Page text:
The stock market is headed for a crash.
Takeaway: Sanders faces a pivotal moment in Nevada. Republicans get hawkish on national defense.
Editor's Note: Below is a brief excerpt from Potomac Research Group Senior Analyst JT Taylor's Morning Bullets sent to institutional clients each morning.
The next two weeks of the Democratic primary are pivotal, determining whether Clinton can contain Sanders' momentum. Her "firewall" will face its first test in Nevada, where the state's diversity mirrors the U.S. as a whole. With the contest now a dead heat, a Sanders victory in Nevada could give him enough momentum to knock a hole in Clinton's double-digit lead in SC, calling into question the integrity of her wall across the other Southern states. Someone had better tell the Clinton campaign that fire does sometimes jump firewalls...
Republican candidates in veteran-heavy SC have been competing for the title of most-hawkish. Marco Rubio has been hitting Ted Cruz as "weak on national security," for his votes on defense reauthorization bills. Meanwhile Cruz pledged to expand the military by 100,000 active-duty troops and "unleash the holy wrath" of America on its enemies. Bush is on tour this week with venerable hawk Senator Lindsey Graham, and even John Kasich has toughened his rhetoric.
Excluding Bernie Sanders, every candidate in this race would be more interventionist than President Obama -- there's a growing consensus on Capitol Hill as well as the campaign trail that current policies and spending on defense are inadequate. To reiterate our colleague LtGen Gardner's point, it's hard to see how the current environment doesn't result in increased defense spending.
Hedgeye highlights three key points from Walmart's quarter courtesy of our Retail analyst Brian McGough.
Daily Trading Ranges is designed to help you understand where you’re buying and selling within the risk range and help you make better sales at the top end of the range and purchases at the low end.
Takeaway: A quick wrap up on our Macro team's U.S. recession call.
Since January, our Macro team has highlighted the increasing likelihood that the U.S. economy slips into recession sometime in Q2 or Q3 of 2016. Below are charts and analysis from Hedgeye CEO Keith McCullough and Senior Macro analyst Darius Dale based on today's economic data.
While today's jobless claims data was strong, a "strong" jobs market always precedes a recession.
Consumer confidence is beginning to roll over...
"On a ratio basis, however, it's starting to signal what the trend in corporate profits and jobless claims already have ("Recession" in ~6 months)," Dale writes.
Here's the chart.
Recessionary gales are blowing. Dale is also tabulating a massive amount of economic data that is heading south.
Still unconvinced? Watch McCullough in the video below laying out "The Three Signs of A Coming Recession."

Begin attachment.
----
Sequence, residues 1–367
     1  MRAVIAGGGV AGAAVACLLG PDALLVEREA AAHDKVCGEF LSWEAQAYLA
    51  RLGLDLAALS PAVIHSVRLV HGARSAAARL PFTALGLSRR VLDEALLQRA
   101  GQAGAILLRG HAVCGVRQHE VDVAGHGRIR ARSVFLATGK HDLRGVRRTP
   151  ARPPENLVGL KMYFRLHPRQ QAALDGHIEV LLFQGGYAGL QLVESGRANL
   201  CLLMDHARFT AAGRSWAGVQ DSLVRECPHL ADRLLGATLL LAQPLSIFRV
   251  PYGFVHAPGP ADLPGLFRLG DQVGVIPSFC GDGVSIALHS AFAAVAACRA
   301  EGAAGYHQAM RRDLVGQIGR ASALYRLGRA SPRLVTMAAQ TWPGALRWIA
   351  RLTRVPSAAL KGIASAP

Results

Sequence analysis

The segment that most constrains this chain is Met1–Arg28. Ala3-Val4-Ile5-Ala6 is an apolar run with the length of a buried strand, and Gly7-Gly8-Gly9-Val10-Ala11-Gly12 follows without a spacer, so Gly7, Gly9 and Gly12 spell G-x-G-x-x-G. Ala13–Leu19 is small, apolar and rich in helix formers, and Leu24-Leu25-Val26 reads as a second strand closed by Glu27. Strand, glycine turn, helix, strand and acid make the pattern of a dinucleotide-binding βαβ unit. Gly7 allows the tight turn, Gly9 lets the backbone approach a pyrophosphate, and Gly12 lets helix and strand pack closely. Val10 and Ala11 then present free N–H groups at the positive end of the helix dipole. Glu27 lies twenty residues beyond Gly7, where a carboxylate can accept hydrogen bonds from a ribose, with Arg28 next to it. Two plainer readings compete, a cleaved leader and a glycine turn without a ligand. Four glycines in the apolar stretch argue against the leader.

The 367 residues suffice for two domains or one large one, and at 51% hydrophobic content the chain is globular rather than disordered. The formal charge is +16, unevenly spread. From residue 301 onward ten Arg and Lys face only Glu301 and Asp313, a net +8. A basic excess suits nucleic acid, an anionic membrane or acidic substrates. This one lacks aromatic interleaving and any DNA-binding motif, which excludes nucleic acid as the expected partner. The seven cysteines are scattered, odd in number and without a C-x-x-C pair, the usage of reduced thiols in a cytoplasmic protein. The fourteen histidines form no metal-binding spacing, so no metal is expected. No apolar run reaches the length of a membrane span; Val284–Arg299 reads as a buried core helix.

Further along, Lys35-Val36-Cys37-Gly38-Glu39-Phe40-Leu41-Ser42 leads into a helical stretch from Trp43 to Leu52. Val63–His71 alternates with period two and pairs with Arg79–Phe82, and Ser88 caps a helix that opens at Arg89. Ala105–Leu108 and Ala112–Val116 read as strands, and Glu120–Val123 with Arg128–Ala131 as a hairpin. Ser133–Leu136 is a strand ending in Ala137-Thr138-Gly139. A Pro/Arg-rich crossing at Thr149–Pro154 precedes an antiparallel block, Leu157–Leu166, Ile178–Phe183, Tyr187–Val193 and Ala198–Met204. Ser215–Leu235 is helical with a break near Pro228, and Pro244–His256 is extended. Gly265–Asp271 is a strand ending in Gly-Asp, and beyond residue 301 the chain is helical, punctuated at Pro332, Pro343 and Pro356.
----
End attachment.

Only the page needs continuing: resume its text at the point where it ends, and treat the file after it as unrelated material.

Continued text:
In this brief excerpt of The Macro Show earlier today, Hedgeye CEO Keith McCullough explains why he’s more convinced than ever that stocks will crash and why 2016 is eerily reminiscent of 2008.
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Takeaway: We're late in the cycle and the Fed has little room to maneuver. This is (and should be) causing alarm for most Financials investors
Below is the breakdown of this morning's labor data from Joshua Steiner and the Hedgeye Financials team. If you would like to setup a call with Josh or Jonathan or trial their research, please contact
This week we want to take a step back from the high frequency claims data and take stock of where we are in the cycle, and consider what policy tools the Fed has at its disposal.
Where are we in the cycle? As the chart below shows, we're now in month 23 of initial jobless claims running at a sub-330k level. The last 3 cycles have seen the expansion last 24, 45 and 31 months at a sub-330k level, with an average of 33 months. Coupled with the slew of weak economic data coming from the industrial/manufacturing/energy side of the economy, we think it's a better than bad bet that economic contraction isn't far away.
What can the Fed do about it? We think the cycle being late warrants asking the question: What can the Fed do? The table below shows that the Fed's average response to the past seven recessions has been a -750 bps rate cut. However, it is facing a significant shortfall in its accommodative ability with the Fed Funds rate currently sitting at around 0.36%. In other words, it's one and done to get back to zero, and then it's QE or NIRP. As we show at the end of this note, the yield spread is already at a post-crisis low (108 bps), which is ratcheting up the pain for banks. 2016 was supposed to be the year when this pressure finally turned tailwind, but instead it's increasingly looking like the opposite is the most probable course for 2016 and beyond.
Meanwhile, the three charts below show that claims in energy states continue to grow, rising most recently at a +14% year-over-year rate.
Initial jobless claims fell 7k to 262k from 269k WoW. The prior week's number was not revised. Meanwhile, the 4-week rolling average of seasonally-adjusted claims fell -8k WoW to 273.25k.
The 4-week rolling average of NSA claims, another way of evaluating the data, was -2.9% lower YoY, which is a sequential improvement versus the previous week's YoY change of -1.5%.
Joshua Steiner, CFA
Jonathan Casteleyn, CFA, CMT
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